China Oil and Gas Group Ltd. is buying a private Canadian energy company for $236-million in what has become a trend in Asian buyers launching takeovers for small firms since the Harper government imposed tougher rules on deals in late 2012.
China Oil and Gas, a natural gas distributor as well as an operator of LNG plants and compressed natural gas-filling stations in China, is buying Calgary-based Baccalieu Energy Inc., which put itself on the auction block early this year.
Baccalieu operates in west-central Alberta, concentrating on uncoventional oil and gas operations in a formation known as the Cardium.
Its senior executives, including chief executive officer Aidan Walsh and chief financial officer Scott Dyck, have agreed to stay on for at least two years to keep developing the business, China Oil and Gas said.
There have been only a handful of takeovers by foreign companies in the Canadian oil patch since Ottawa essentially closed the door on acquisitions of controlling interests in the oil sands by state-owned foreign firms when it approved the $15.1-billion takeover of Nexen Inc. by CNOOC Ltd. 19 months ago.
The more stringent investment regulations put no new limits on buying energy assets outside the northern Alberta oil sands, the third-largest crude reserves in the world. However, some investment bankers have said that the restrictions have scared off potential investors in other energy plays as well.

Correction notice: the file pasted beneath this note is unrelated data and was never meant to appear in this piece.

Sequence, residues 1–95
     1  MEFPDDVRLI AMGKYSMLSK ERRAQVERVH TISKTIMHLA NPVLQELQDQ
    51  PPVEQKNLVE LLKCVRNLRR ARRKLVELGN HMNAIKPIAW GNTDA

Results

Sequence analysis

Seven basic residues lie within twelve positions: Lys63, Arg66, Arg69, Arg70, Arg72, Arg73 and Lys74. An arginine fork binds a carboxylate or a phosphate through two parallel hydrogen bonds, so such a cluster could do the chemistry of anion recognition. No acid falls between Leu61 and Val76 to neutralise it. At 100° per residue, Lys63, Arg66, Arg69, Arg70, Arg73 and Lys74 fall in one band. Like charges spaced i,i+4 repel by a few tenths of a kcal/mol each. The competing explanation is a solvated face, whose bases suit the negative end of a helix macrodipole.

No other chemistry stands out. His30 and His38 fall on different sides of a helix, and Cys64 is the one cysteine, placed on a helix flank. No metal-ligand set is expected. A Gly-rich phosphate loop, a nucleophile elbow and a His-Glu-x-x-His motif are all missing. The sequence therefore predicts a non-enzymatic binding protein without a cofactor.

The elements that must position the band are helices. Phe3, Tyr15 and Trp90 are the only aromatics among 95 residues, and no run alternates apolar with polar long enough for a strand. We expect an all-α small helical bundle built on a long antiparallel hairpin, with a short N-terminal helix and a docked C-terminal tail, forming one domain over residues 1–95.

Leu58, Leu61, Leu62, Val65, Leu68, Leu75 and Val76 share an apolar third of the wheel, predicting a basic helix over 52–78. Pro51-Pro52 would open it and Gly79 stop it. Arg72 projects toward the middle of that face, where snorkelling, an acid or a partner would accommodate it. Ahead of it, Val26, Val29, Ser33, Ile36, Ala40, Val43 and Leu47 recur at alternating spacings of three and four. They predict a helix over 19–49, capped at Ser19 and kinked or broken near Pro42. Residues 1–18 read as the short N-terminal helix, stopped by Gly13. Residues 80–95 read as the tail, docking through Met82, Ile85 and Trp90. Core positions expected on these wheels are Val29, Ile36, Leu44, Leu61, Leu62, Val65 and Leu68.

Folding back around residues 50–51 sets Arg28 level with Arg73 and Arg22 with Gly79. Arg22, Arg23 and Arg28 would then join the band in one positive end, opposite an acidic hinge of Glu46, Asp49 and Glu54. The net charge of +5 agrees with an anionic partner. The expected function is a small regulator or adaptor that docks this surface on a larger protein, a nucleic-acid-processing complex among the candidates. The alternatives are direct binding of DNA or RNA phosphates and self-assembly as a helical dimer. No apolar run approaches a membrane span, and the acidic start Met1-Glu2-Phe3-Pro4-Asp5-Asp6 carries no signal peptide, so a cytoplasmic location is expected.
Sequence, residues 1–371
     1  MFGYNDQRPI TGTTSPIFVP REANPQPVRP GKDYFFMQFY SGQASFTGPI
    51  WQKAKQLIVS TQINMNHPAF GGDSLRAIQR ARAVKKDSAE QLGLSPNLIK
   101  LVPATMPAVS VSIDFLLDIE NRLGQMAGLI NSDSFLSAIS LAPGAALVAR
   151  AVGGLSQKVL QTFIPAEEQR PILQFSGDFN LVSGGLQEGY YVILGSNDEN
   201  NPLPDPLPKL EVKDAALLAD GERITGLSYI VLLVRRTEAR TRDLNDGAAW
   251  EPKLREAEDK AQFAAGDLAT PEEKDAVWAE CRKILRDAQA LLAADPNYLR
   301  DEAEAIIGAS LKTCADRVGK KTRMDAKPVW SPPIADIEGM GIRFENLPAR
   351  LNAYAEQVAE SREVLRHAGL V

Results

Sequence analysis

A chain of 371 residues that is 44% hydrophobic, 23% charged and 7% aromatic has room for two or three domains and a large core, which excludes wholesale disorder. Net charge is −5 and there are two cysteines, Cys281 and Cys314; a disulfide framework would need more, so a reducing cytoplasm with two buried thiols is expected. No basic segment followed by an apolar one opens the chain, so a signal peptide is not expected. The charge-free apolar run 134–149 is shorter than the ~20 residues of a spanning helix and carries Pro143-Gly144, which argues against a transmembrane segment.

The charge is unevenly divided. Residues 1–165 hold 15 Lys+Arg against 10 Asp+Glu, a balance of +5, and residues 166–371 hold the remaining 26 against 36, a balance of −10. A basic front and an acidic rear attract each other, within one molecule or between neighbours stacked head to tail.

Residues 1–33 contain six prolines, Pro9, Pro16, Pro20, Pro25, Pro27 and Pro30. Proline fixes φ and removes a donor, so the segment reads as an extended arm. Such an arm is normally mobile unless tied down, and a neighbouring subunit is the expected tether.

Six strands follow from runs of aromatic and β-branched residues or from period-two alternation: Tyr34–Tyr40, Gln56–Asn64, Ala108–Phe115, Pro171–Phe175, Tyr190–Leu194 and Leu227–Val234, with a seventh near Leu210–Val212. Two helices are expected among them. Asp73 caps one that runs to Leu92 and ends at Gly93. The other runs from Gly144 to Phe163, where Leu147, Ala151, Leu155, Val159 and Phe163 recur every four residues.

Nick Johnson, managing director of corporate finance at FirstEnergy Capital Corp., Baccalieu’s financial adviser, said he has not seen that. His firm has been involved in three recent deals involving foreign buyers for Canadian energy assets.
Interest among Asian buyers remains, though the preference is for light-oil plays, such as those operated by Baccalieu, Mr. Johnson said.
“It’s the cash flow, it’s the earnings,” he said in an interview. “The LNG proposition is still a few years out, so it’s harder to secure the reserves today because of the discount factor. If you have to buy the company today and you can’t export the product for a number of years, it’s more difficult to come to a value proposition.”
China Oil and Gas, listed on the Hong Kong Stock Exchange, is scooping up a company that produced 4,244 barrels of oil equivalent a day in the first quarter of this year. Two-thirds of that was oil and gas liquids and the remainder natural gas. In 2013, it earned $20-million on revenue of $74.7-million.
Baccalieu has stakes in 469 square kilometres in the Pembina, Ferrier, Sylvan Lake and Harmattan areas of west-central Alberta, where its proved and probable reserves are pegged at 22 million barrels of oil equivalent.